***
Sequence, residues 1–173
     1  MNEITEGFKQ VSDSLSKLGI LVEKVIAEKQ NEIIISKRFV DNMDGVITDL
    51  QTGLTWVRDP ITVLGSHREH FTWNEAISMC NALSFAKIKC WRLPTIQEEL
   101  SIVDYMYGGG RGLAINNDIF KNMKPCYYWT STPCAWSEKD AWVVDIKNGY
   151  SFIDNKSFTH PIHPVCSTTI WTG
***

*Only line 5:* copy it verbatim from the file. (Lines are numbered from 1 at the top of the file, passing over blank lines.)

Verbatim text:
   151  SFIDNKSFTH PIHPVCSTTI WTG